The above preview is unformatted text

This student written piece of work is one of many that can be found in our AS and A Level Work & Leisure section.

Found what you're looking for?

  • Start learning 29% faster today
  • 150,000+ documents available
  • Just £6.99 a month

Not the one? Search for your essay title...
  • Join over 1.2 million students every month
  • Accelerate your learning by 29%
  • Unlimited access from just £6.99 per month

See related essaysSee related essays

Related AS and A Level Work & Leisure essays

  1. Marked by a teacher

    Critically Evaluate the Functionalist Perspective on Education

    5 star(s)

    This streaming and selection leads to a self-fulfilling prophecy from which the working-class children begin to believe they are not as intelligent or as capable as the middle-class and so take on that role. Marxists see the link between educational qualifications, pay and job status as a weak link.

  2. Assess Functionalist and Marxist approaches to the relationship between education and economy.

    the school prepares the children for this transmission and prepares them for society as a whole. Within schools, education operates on a meritocratic basis. Standards are applied to all students regardless of sex, race, family background or class. Parsons, like Durkhiem stated that school represent society in miniature.

  1. Compare and contrast Marxists, Feminist, Functionalists, Third Way and New Right views of the ...

    to pay their stamp tax so are therefore not intitled to a state pension, and are therefore forced into poverty as a result and forced to rely on men. Those who suscribe to the Third Way school of thought such as Giddens has failed to help the poorest in society

  2. Using material from Item A and elsewhere assess the contribution of functionalist sociology to ...

    as a 'microcosm of society', providing the gateway and the base for wider society with such aspects such as social relationships and codes of conduct, mainly benefiting society as a whole and the individual as apposed to Althusser who suggests it only benefits the ruling class through ideologies.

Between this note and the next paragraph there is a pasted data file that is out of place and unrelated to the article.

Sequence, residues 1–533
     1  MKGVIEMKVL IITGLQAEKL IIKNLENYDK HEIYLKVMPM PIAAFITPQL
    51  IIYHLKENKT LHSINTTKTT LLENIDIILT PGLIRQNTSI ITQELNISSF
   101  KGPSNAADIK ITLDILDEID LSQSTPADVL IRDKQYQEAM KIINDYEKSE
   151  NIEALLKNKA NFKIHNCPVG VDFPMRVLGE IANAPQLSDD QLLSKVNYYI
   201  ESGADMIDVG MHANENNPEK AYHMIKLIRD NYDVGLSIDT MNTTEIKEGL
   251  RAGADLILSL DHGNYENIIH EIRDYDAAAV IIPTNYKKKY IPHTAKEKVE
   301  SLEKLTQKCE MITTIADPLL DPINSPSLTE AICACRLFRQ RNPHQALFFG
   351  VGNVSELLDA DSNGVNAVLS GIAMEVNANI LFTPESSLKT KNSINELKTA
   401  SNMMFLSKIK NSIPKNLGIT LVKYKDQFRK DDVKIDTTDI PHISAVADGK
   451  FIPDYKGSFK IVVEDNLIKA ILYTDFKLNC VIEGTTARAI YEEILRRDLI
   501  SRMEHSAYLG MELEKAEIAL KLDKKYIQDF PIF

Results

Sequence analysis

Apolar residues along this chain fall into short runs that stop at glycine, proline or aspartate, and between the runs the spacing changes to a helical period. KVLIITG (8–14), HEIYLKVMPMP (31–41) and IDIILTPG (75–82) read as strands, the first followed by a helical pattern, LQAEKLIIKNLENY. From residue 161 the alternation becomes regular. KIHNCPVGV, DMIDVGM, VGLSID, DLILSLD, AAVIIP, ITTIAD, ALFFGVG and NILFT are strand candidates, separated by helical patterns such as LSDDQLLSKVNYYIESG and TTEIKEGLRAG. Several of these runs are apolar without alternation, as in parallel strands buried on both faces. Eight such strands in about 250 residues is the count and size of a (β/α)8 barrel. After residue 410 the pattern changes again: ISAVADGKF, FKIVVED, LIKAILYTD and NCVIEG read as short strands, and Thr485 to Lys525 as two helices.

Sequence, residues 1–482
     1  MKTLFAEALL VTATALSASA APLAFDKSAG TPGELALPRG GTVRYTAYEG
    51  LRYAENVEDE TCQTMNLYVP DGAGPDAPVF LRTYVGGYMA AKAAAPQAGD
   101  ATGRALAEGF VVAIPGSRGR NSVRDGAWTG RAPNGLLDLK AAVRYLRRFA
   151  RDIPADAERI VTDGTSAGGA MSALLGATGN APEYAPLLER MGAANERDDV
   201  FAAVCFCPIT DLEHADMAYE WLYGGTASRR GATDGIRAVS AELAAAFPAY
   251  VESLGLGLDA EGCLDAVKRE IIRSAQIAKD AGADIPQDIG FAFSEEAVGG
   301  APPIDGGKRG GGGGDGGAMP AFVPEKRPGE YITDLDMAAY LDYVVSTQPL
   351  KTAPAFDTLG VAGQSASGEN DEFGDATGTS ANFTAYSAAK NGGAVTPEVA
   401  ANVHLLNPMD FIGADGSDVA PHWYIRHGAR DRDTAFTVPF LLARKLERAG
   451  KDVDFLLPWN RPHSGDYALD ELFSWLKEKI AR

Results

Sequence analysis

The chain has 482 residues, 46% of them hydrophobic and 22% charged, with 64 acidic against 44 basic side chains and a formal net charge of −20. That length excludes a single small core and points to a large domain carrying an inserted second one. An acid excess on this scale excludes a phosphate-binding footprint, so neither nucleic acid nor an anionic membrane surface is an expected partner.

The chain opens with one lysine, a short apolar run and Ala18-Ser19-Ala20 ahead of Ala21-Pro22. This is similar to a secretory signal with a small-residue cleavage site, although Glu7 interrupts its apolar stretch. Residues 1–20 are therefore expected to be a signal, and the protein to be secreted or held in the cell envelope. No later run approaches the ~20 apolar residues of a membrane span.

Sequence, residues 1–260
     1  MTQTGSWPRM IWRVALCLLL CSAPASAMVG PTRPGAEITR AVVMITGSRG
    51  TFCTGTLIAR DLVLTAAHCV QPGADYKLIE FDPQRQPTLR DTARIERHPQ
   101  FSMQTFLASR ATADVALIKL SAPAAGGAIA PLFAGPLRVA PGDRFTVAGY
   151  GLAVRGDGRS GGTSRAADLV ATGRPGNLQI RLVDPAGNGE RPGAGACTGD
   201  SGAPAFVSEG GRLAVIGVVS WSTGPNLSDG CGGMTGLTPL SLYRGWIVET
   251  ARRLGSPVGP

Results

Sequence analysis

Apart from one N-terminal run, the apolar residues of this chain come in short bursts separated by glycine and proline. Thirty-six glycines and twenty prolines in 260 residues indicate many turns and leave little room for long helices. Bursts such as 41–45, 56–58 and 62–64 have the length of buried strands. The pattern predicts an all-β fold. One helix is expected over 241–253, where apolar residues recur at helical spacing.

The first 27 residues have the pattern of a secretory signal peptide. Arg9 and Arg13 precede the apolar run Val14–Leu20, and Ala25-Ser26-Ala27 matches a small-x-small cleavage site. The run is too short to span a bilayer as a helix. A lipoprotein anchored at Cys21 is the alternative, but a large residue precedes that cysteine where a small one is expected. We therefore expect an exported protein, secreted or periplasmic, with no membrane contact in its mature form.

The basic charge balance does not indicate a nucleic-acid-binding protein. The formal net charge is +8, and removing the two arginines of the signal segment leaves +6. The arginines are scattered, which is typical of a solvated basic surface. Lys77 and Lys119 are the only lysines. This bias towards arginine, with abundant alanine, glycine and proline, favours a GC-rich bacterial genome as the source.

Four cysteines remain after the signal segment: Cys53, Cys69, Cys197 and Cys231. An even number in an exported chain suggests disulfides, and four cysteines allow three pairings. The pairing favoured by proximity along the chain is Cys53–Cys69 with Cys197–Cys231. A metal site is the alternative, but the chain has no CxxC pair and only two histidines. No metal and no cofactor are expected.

1. Examination of the Functionalist view that schools serve the interests of both society and ...

    Therefore, Bowles and Gintis' reject the functionalist view that we live in a meritocratic society and that therefore education is also non-meritocratic and thus equality of opportunity is not possible within a capitalist society. They argue that rather than merit and ability influencing their attainment it is a persons class background that is considered most important to capitalism.

  2. Marxist and functionalist perspective on education

    example the younger a child is the more they are able to get away with bad behaviour. On the other hand, we are all judged the same in schools and the society, we are judged in terms of achieved status and universalistic values.

  1. "Society originates because the individual is not self sufficient and no two of us ...

    All mankind is situated within the cave and are all initially chained to the wall, seeing shadows of the forms which they believe are the real things. Those that break free, the philosophers, are "free from illusion"40 and see not only the form of the good.

  2. Comment on the strength and weakness of the social security system in Hong Kong

    CSSA and SSA do quite well in this aspect as they can provide help to deal with their daily expenses. The system is also pretty all rounded. It can help different kind of people including the poor, elderly, disabled etc.

  • Over 160,000 pieces
    of student written work
  • Annotated by
    experienced teachers
  • Ideas and feedback to
    improve your own work